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Old 10-29-2020, 09:59 AM   #26
esmth
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I replaced my head gasket for the same issue. Kept leaking externally on the exhaust side and it was neither the valve cover nor the cam seals. As far as I could tell it was an original HG. (~260k miles at the time)

My exhaust studs were the main thing I was worried about, and I ended up snapping 3 of them off. 2 were recoverable and the last was too low below the surface. Still running with 7 (well now 6 ) without an exhaust leak.

About the valve cover gasket, I used RTV in the corners where it bends over the humps. Both top and bottom of the cheap gasket with no-leak & no-seep success.
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Old 10-29-2020, 11:35 AM   #27
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PB blaster the exhaust nuts every day for a few days before trying to loosen them. Also try to tighten just slightly before loosening.
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Old 10-29-2020, 12:03 PM   #28
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Quote:
Originally Posted by Toybox View Post
Errr... isn't a non-flat head one of the primary reasons the HG would fail in the first place?
Head gaskets can leak coolant and oil from corrosion. Caused by long oil change intervals, never changing the coolant, and age.

All of the head gaskets I have replaced started leaking from corrosion, not from overheating and the head warping.
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Old 10-29-2020, 12:18 PM   #29
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1 quart every 5k miles is what I would consider an acceptable leakage. Probably doesnt even leave a spot on the driveway.

Regarding VC Gaskets, I usually put a skim coat of Permatex "The Right Stuff" Black Flavor on the gasket and a dollop in the corners where it bends. Toight like a Toiger.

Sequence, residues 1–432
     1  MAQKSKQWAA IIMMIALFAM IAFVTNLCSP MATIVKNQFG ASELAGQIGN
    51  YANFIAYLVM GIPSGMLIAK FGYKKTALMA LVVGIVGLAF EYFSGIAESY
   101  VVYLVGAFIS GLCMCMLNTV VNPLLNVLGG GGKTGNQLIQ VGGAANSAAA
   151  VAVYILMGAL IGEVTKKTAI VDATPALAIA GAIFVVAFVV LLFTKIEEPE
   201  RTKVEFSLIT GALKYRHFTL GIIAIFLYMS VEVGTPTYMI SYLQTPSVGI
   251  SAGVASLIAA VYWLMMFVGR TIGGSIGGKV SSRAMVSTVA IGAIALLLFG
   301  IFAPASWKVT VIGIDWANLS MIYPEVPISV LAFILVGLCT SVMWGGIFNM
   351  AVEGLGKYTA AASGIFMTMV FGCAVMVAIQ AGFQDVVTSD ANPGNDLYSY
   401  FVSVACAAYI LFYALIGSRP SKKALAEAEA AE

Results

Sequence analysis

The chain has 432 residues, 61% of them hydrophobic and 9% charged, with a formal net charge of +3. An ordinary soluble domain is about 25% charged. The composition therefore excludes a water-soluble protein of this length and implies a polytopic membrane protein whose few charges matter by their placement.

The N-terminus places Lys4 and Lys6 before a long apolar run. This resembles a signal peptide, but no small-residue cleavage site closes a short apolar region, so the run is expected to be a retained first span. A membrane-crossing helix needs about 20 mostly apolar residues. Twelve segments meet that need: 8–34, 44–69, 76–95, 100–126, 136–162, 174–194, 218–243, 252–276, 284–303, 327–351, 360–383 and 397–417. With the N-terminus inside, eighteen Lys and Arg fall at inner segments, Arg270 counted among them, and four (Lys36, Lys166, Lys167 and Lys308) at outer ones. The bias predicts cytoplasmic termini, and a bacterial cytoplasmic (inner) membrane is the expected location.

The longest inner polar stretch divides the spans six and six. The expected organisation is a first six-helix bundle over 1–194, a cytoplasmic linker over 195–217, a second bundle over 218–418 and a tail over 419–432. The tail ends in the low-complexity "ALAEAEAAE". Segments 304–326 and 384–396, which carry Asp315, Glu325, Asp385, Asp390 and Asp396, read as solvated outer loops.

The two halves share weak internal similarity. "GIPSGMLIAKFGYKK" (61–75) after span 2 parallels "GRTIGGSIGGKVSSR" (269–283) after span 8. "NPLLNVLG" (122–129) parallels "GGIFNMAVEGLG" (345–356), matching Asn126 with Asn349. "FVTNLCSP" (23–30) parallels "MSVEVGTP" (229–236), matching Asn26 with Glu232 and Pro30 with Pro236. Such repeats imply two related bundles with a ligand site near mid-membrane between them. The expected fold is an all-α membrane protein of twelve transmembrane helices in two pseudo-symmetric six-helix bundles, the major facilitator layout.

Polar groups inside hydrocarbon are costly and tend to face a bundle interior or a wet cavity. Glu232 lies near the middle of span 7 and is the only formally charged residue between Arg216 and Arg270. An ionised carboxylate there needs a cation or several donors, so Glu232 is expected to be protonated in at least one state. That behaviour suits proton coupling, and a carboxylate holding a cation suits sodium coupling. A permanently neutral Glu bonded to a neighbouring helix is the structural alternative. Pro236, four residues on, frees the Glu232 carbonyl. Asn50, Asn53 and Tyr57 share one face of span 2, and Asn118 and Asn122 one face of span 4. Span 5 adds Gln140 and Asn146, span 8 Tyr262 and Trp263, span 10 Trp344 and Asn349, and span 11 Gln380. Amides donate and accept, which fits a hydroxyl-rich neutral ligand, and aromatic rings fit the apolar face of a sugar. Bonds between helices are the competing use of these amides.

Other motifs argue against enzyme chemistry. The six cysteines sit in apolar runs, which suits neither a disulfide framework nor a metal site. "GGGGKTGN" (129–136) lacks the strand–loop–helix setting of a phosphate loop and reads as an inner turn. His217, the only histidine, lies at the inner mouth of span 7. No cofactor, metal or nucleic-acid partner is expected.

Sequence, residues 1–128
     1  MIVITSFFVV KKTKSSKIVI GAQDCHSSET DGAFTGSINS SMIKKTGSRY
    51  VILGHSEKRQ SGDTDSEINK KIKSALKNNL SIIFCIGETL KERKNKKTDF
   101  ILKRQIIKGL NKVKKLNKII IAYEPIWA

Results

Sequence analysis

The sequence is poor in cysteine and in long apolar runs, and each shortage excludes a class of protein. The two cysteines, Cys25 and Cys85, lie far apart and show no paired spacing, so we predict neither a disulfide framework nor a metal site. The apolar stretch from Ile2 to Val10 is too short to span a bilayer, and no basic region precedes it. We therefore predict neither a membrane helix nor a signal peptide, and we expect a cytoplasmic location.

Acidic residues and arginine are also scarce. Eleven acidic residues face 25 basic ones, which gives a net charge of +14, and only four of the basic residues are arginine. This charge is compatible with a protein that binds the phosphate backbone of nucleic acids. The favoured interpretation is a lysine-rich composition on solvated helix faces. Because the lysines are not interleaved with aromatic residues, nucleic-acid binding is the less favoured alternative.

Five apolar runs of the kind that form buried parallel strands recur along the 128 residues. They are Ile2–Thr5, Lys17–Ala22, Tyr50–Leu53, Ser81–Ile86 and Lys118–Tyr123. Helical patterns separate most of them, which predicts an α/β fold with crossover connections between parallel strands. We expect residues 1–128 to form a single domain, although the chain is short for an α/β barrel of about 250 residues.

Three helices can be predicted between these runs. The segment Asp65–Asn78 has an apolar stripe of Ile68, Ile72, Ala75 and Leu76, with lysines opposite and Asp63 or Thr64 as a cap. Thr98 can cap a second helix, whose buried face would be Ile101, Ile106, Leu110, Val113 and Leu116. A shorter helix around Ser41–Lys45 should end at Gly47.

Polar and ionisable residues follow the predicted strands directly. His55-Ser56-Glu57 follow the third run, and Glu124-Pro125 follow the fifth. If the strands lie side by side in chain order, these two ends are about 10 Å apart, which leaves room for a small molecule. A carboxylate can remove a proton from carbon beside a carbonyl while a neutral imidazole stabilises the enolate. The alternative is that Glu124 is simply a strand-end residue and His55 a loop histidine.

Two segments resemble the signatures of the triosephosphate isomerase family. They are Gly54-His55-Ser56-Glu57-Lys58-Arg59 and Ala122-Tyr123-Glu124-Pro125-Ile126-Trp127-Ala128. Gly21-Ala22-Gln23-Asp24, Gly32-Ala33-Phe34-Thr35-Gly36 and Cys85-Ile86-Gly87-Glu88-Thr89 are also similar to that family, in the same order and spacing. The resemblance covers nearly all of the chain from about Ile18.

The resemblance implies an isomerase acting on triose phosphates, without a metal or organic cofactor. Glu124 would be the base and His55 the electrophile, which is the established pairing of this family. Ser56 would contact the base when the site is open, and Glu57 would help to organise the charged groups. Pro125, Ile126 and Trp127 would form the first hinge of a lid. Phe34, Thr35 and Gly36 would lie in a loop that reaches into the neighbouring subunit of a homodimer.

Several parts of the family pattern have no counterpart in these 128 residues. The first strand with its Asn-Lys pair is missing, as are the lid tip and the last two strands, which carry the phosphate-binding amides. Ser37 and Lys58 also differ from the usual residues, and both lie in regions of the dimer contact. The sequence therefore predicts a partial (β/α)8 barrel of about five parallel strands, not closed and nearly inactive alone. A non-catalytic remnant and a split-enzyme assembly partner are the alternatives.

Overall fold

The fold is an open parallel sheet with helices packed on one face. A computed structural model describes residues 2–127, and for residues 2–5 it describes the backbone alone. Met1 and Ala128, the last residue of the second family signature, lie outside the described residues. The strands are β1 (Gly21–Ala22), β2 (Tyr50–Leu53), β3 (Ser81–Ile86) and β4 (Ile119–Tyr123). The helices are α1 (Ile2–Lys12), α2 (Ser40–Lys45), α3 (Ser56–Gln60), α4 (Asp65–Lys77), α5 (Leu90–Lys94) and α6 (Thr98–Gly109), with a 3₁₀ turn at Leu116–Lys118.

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Old 10-29-2020, 12:40 PM   #30
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Quote:
Originally Posted by culberro View Post
All of the head gaskets I have replaced started leaking from corrosion, not from overheating and the head warping.
Good data point to know. I was taught that Aluminum heads warp not just with overheating, but also very, very slowly due to combustion pressure and time. Whenever I have removed one (typ 250+k miles and 25+ years), it has always needed a very small cleanup cut. Maybe I've been doing overkill, maybe a few thousandths doesn't matter, but I figure why bother with the HG replacement if I don't give it the best chances of survival? In comparison, cast iron blocks have never failed a straightedge test, for me.
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Old 10-29-2020, 04:02 PM   #31
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It's the oil feed to the cly head valve train. You will need a new head gasket.
I had this happen on my 92 245. I ended up redoing the head gasket. Mine started leaking pretty badly.
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Old 10-29-2020, 09:55 PM   #32
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The leak in question is oil under pressure from the oil pump to the cyl head, goop,sealer's etc won't work.
A. Leave it alone and let it leak if you do not want to change the head gasket.
B. Leave it alone, let it leak oil, run out of oil, blow up motor.
C. Leave it alone, let it leak oil, catch on fire, burn the car to the ground. [happened to a customer of mine, was too cheap to fix the problem].